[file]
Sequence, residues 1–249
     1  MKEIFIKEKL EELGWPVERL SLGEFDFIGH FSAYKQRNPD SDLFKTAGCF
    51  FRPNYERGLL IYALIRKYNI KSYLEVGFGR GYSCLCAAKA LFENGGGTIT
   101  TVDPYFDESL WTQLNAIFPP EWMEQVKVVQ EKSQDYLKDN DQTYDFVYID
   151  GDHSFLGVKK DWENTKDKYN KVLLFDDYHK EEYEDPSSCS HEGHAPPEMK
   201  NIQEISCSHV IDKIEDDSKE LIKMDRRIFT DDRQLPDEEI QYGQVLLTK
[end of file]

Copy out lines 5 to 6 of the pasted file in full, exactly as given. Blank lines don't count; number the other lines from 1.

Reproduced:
   151  GDHSFLGVKK DWENTKDKYN KVLLFDDYHK EEYEDPSSCS HEGHAPPEMK
   201  NIQEISCSHV IDKIEDDSKE LIKMDRRIFT DDRQLPDEEI QYGQVLLTK